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    Back-to-School Vaccinations Made Simple

    Vaccine Checklist continued...

    Eleven to 12 Years
    The following vaccines are recommended for 11- and12-year-olds:

    • Tetanus-diphtheria-acellular peruses vaccine (Tdap). Adolescents aged 11 to 18 should get one dose of this vaccine.
    • Meningococcal vaccine (MCV4). The CDC recommends that adolescents receive this vaccine during their 11- to 12- year-old check-up or when they enter high school or college.
    • Hepatits B. This three-shot vaccine course is recommended for adolescents who did not receive it as part of their childhood vaccines.
    • Human papillomavirus (HPV) or cervical cancer vaccine. As of now, three vaccines (Cervarix, Gardasil and Gardasil-9) are available to protect against the types of HPV that cause most cervical cancers. These are given in three shots over a six-month period and are recommended for both boys and girls.

    Gardasil and Gardasil-9 also protect against most genital warts. These vaccines are recommended for 11- and 12-year-olds but can be given as early as age 9 and up to 26 years old. It is also recommended for 11 and 12 year old boys up to 21 years old. Cervarix protects against cervical cancers and are intended just for females ages 11 and 12 years old up to age 26 years. Your doctor can help determine which vaccine is best for your child. Childrenshould receive the same vaccine brand for all three doses.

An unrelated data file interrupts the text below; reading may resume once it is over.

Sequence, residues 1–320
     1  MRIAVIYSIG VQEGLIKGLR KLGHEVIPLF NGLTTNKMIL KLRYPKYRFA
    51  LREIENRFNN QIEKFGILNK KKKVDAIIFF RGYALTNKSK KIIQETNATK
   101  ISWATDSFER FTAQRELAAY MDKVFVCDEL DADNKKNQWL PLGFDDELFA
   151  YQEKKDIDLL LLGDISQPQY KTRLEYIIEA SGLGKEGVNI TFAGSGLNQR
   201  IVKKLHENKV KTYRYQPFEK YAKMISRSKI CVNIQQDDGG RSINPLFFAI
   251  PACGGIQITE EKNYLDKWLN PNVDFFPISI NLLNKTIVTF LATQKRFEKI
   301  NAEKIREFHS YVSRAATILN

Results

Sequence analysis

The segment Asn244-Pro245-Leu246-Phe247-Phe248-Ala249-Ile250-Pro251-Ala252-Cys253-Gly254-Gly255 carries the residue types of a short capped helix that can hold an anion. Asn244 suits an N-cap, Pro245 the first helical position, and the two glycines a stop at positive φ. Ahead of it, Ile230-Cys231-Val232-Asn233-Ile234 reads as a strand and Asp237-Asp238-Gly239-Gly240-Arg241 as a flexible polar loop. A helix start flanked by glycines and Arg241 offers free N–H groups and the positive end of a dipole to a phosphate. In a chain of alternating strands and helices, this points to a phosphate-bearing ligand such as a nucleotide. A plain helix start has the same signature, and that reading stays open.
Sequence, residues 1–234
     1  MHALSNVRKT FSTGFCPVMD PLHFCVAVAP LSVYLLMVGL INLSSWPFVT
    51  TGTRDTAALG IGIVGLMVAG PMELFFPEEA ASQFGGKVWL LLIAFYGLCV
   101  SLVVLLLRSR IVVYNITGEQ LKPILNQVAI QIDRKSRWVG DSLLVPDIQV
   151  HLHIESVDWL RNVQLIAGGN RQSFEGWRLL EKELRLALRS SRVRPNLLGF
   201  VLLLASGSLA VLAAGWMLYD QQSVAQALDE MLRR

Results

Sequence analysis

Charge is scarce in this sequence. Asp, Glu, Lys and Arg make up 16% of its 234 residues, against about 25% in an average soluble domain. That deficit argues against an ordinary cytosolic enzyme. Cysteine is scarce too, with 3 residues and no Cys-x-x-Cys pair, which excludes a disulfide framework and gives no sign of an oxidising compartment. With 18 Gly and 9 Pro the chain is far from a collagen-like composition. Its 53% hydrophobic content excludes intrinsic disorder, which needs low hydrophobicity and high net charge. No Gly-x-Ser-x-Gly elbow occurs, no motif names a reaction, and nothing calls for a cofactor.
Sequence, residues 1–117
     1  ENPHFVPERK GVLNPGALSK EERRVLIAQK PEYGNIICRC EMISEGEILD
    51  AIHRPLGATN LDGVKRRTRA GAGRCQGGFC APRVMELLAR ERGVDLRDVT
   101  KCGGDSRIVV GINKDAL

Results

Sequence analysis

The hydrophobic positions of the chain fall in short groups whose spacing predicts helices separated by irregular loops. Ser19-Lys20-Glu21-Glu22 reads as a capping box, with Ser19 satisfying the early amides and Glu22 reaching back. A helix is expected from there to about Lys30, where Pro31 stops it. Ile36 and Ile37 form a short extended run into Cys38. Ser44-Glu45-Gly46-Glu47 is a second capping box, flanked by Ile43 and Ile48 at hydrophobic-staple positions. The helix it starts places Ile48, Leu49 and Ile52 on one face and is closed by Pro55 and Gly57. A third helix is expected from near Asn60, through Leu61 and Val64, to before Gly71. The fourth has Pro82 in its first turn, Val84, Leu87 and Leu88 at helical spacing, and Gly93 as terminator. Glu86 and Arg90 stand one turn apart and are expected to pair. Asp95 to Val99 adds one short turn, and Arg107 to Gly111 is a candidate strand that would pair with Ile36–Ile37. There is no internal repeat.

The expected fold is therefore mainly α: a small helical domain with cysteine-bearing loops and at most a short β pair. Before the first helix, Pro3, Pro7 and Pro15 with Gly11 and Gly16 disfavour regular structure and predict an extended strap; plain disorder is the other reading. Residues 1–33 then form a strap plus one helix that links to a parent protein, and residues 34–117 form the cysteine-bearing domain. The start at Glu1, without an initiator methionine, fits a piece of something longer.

Catch-Up Vaccines

    Older children should receive HepB, Polio, MMR, and Varicella vaccines if they did not receive the recommended doses when they were younger. The CDC also recommends a second “catch-up” varicella shot for children, adolescents, and adults who have previously received one dose. Some children may need additional vaccines either based on their personal risk profile such as pneumococcal polysaccharide (PPV), Hepatitis A, and influenza.

    “The schedule is very complicated compared to 15 years ago,” Rodewald says. “There are twice as many diseases that can be prevented through vaccines and the schedule changes every year."

    The best way to ensure your child has received all the necessary vaccinations is to consult with your pediatrician or nurse and review your child’s file. “Vaccination is the safest way to protect children from vaccine-preventable diseases,” Rodewald says. “Get them in as timely a manner as possible and adhere to school immunization laws.”

    WebMD Medical Reference

    Reviewed by Jennifer Robinson, MD on December 06, 2015
    1 | 2 | 3 | 4

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